It's Reputation, Not Privacy, That Really Matters to People

An Intel anthropologist argues that people are worried their technologies will reveal they are "dreadful dorks"

DivningADigitalFuture-Post.jpg

Genevieve Bell is an anthropologist who works for Intel, trying to design the humans back into our technologies. She's got a new book out, Divining a Digital Future, so New Scientist interviewed her about her work. The interview goes largely how you'd expect, with Bell talking about how important narratives are to people using technology and the differences in mindset between your average person and an engineer. But at the bottom, she makes a really interesting comment about privacy. She says that privacy is not as big a deal as it was 10 years ago, despite the widespread perception that privacy concerns are on the rise.

Privacy was a big issue a decade ago. Today, people are more worried about reputation. We tested people with future scenarios, such as if your smart television could update your Facebook page about what you're watching. No one liked it. People said things like, "My girlfriend put the show on and left the room" or "I've only ever watched it once". We talk about the content we watch as part of who we are. One of the biggest anxieties we have about these technologies is that they reveal what we're really up to - what dreadful dorks we are.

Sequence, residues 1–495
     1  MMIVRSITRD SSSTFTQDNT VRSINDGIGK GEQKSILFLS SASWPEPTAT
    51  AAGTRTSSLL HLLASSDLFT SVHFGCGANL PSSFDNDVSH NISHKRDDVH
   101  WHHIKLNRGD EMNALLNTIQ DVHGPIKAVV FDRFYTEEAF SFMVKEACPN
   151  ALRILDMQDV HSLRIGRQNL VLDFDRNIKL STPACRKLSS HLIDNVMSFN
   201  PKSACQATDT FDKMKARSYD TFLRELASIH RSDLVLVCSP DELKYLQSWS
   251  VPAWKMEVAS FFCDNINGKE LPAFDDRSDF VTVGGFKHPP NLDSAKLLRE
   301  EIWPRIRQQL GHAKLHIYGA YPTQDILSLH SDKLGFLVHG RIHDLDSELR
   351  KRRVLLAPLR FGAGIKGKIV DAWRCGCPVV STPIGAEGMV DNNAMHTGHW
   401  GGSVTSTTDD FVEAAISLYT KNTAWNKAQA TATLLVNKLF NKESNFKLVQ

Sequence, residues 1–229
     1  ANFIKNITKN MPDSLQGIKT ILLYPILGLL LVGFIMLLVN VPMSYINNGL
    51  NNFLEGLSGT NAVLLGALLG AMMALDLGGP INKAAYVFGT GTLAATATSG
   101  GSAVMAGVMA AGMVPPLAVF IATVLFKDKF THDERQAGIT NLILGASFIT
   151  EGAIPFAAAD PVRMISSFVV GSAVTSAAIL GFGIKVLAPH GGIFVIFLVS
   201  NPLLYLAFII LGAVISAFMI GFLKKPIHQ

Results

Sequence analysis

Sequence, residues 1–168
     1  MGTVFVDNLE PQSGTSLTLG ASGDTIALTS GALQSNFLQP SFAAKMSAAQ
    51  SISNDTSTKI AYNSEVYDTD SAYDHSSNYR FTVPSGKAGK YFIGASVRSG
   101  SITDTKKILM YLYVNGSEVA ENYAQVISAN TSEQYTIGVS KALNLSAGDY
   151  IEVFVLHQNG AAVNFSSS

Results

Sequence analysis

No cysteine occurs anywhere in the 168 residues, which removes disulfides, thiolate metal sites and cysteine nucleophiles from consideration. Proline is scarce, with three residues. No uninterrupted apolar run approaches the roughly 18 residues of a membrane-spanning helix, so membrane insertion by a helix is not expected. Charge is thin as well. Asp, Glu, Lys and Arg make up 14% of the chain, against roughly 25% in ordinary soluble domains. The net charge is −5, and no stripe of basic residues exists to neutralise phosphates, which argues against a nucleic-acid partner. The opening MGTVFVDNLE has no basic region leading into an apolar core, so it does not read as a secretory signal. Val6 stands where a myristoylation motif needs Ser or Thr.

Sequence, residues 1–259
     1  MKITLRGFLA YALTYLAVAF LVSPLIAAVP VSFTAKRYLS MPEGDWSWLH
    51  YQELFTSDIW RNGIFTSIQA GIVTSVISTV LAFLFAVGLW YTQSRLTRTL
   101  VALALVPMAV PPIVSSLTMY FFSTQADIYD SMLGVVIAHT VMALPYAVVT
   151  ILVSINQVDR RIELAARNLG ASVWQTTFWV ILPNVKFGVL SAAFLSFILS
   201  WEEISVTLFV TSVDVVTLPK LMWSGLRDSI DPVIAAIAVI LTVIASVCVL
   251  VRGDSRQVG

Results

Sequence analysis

I think the distinction she's making is that in a privacy framework, people are worried that outsiders will find out you've done something wrong, or even that people or governments will have any access at all. Reputation concern is narrower and focuses solely around whether or not people find out uncool things about you. I wonder if privacy policy advocates could score points by hitting the reputation button, even if they have greater concerns.

Image: The MIT Press.

Presented by

What Happened to the Milky Way?

Light pollution has taken away our ability to see the stars. Can we still save the night sky?

Join the Discussion

After you comment, click Post. If you’re not already logged in you will be asked to log in or register with Disqus.

Please note that The Atlantic's account system is separate from our commenting system. To log in or register with The Atlantic, use the Sign In button at the top of every page.

blog comments powered by Disqus

Video

What Happened to the Milky Way?

Light pollution has taken away our ability to see the stars. Can we still save the night sky?

Video

The Faces of #BlackLivesMatter

Scenes from a recent protest in New York City

Video

Desegregated, Yet Unequal

A short documentary about the legacy of Boston busing

Video

Ruth Bader Ginsburg on Life

The Supreme Court justice talks gender equality and marriage.

Video

Social Media: The Video Game

What if the validation of your peers could "level up" your life?

Video

The Pentagon's $1.5 Trillion Mistake

The F-35 fighter jet was supposed to do everything. Instead, it can barely do anything.

More in Technology

Just In